1.  Spanx and other minimalizing garments push your viscera into your diaphraghm and belly.  Basically, your squishing your wobbly bits inside of you, or pushing in and up. 

2.  This pressure can make breathing more difficult, and depending on the undergarment, prevent diaphragmatic breathing and fully belly expansion.  In addition, the pressure compromises digestion (hello, acid reflex!) and puts extra strain on the pelvic floor.

Sara Blakely, owner of Spanx, rocking the garments and the heels.  I feel pity for her innards. 

Sara Blakely, owner of Spanx, rocking the garments and the heels.  I feel pity for her innards. 

3.  Compressing garments are like orthotics for your belly, encouraging your core muscles to just check out completely instead of supporting you in a normal engagement pattern.

4. Shapewear is entirely cosmetic and not therapeutic.  Did you know that spanx now makes garments for men?  This conversation is not just for the ladies...

5.  When women wear heels, their spine and pelvis are out of alignment as well as causing mayhem for the pelvic floor muscles.  (Neutral pelvis is best for pelvic floor strength!)  Then remember that heels also compromise your ability to use your respiratory diaphragm...which you definitely need when performing, no matter your instrument.  Couple that with an elastic corset cinching your bits, and you've got a respiratory disaster! 

My big picture takeaway is that heels alone do lots of damage, as do spanx (as well as making life less pleasant), but combining them, especially for concerts, hinders performance.  Factor in your personal response to the stress of performance, and your body just needs more air and the capacity to breathe fully, without constriction.  Most wind players know this, but for some reason, vanity reigns supreme for many other musicians.  Breathing is so important, especially when under performance stress, so consider ditching the heels and spanx to play better, breathe, and keep your food where it belongs...

*On a side note, celebrities wear spanx all the time to hide their "flaws."  This perpetuates the idea that a flawless body is the norm, not the exception, and that to wear an evening gown with visible cellulite is a grave offence.  Unfortunately, that's just not a healthy or helpful notion to be sharing with the world, especially with women.*

Human Body Mythbusters: Musicians' Edition

So I'm sure I've ranted before that musicians should take anatomy/physiology classes and learn a bit more about self-care, but more importantly, let's look at some of the most frequent myths I get to bust in lessons, classes, friendly conversations, and emails.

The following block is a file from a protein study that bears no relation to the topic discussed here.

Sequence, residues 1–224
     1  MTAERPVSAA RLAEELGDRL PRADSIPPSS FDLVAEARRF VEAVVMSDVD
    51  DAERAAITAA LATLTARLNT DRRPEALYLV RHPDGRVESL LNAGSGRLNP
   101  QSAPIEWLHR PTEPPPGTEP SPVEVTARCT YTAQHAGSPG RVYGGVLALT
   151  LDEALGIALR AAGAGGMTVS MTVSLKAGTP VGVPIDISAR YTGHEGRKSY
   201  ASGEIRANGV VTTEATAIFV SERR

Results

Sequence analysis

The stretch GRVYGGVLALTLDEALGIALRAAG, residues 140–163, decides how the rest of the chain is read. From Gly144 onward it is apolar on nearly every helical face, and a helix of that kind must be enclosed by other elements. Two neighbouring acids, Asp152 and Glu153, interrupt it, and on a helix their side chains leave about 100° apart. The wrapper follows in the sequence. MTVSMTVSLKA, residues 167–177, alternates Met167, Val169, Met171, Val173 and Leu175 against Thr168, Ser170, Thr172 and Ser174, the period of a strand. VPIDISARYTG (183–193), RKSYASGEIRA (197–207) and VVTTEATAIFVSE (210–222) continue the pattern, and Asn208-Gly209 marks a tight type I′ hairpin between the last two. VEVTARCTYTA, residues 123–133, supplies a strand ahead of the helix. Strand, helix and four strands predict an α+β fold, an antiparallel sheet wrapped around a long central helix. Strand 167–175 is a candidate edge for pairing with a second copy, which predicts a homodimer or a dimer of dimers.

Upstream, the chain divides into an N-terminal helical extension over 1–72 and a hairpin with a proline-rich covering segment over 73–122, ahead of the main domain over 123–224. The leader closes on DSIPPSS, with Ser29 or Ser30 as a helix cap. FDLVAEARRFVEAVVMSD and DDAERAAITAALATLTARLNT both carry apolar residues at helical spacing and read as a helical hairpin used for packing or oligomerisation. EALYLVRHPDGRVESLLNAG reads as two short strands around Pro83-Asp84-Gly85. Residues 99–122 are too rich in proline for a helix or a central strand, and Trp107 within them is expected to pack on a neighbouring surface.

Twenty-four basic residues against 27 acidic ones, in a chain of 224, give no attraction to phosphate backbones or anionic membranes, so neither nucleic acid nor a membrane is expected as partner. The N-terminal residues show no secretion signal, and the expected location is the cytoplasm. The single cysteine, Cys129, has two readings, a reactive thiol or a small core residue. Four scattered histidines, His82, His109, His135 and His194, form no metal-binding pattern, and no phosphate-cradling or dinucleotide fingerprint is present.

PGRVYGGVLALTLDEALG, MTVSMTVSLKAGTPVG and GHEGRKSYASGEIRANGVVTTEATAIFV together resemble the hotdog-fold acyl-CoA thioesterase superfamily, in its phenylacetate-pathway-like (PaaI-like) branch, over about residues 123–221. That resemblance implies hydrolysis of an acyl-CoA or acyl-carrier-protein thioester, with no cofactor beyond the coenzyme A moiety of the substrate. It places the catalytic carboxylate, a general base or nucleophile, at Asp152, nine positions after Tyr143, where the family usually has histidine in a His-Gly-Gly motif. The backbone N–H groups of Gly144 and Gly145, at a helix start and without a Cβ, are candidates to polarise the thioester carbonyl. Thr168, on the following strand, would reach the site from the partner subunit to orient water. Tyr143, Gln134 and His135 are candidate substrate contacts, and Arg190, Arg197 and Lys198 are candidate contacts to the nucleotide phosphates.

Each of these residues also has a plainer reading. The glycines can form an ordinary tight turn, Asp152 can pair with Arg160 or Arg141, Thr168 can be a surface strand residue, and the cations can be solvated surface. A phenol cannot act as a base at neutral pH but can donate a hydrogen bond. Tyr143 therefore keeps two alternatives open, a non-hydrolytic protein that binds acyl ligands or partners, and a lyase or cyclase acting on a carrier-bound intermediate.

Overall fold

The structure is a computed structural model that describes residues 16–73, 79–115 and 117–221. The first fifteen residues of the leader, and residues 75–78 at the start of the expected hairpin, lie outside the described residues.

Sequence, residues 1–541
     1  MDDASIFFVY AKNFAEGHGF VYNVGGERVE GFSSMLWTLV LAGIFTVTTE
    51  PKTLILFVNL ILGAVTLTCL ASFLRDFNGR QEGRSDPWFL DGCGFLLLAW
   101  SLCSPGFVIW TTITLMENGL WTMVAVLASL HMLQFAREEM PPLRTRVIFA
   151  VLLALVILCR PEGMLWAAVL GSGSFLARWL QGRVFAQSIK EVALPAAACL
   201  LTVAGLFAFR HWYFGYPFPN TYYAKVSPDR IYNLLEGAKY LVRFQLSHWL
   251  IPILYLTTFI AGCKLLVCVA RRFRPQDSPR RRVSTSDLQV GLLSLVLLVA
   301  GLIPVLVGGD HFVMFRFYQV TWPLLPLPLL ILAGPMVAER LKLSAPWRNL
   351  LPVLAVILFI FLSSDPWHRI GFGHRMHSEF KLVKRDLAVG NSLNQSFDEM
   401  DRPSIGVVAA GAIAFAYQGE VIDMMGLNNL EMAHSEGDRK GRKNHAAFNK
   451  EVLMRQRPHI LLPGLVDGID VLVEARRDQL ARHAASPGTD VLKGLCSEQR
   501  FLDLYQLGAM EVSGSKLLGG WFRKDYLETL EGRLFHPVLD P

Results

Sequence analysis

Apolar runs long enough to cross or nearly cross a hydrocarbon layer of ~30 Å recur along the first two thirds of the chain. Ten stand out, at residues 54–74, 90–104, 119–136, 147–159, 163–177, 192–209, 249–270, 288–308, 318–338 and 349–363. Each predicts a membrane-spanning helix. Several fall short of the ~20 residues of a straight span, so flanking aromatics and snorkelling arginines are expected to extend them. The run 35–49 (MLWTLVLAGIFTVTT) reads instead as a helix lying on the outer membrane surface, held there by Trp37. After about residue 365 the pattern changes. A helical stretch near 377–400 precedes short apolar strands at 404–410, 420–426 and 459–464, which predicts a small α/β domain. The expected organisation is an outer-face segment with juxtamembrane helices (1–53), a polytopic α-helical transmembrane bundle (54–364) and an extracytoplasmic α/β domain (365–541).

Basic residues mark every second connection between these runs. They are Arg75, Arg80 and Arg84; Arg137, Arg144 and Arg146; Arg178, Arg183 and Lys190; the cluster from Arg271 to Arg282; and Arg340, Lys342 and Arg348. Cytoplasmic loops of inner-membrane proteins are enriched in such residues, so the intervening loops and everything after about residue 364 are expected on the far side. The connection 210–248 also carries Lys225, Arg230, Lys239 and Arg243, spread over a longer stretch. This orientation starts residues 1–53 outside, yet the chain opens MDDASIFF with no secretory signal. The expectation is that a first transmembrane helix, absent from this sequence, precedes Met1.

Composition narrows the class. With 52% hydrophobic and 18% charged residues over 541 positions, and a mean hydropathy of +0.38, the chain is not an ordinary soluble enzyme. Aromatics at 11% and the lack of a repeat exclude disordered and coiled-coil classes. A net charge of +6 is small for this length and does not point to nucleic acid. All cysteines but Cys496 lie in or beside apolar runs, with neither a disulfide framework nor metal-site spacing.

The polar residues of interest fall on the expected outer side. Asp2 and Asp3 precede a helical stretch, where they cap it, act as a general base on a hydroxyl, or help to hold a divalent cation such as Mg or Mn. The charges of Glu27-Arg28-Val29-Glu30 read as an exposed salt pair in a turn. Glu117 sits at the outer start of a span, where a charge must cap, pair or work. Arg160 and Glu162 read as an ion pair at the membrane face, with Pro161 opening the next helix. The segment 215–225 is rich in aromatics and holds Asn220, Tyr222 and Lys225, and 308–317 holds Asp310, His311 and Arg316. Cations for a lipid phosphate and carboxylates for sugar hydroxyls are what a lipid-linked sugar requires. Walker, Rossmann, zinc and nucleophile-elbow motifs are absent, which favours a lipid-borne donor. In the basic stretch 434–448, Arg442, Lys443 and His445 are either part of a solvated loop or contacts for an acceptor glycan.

A lovely small image from Gray's Anatomy.

A lovely small image from Gray's Anatomy.

1. Your rotator cuff is one giant muscle, and you can tear it.  Well, yes, you can, but the rotator cuff actually refers to four muscles that assist in the movement of your arm and scapula.  If someone tells me they hurt their shoulder and "tore my rotator," I always ask them which one, which they inevitably can never answer. ( At least figure out what range of motion hurts, and then remember which muscle you hurt.  "Everything hurts" is not helpful.)

2. Your core refers to your abdominals exclusively.  I despite this misunderstanding, perpetuated by the fitness realm of "burn," "shred," "melt," and "tone," your abs.  Your core, refers to the entire muscular sheathing of your viscera and spine, which includes your abdominals (6 pack, obliques, transverse), back muscles, diaphraghm, psoas, and more, depending on your definition.  Some folks define core as include hip musculature too, so that's open for debate.  Either way, your 6 pack is not your core, although it is part of it, and doing sit-ups will not invariably cure back pain although strengthening the whole core might help.

Image courtesy of

Image courtesy of

3.  Your fingers start at your knuckles.  Nope.  While this is not intuitive, the bones that make up your metacarpals and phalanges originate at your wrist.  Your wrist position while playing your instrument directly affects your ability to use your fingers, and when you think of fingers articulating, they begin their articulation from the wrist.  In addition, your have minimal musculature in the hand, but instead the bulk of your musculature in your forearms.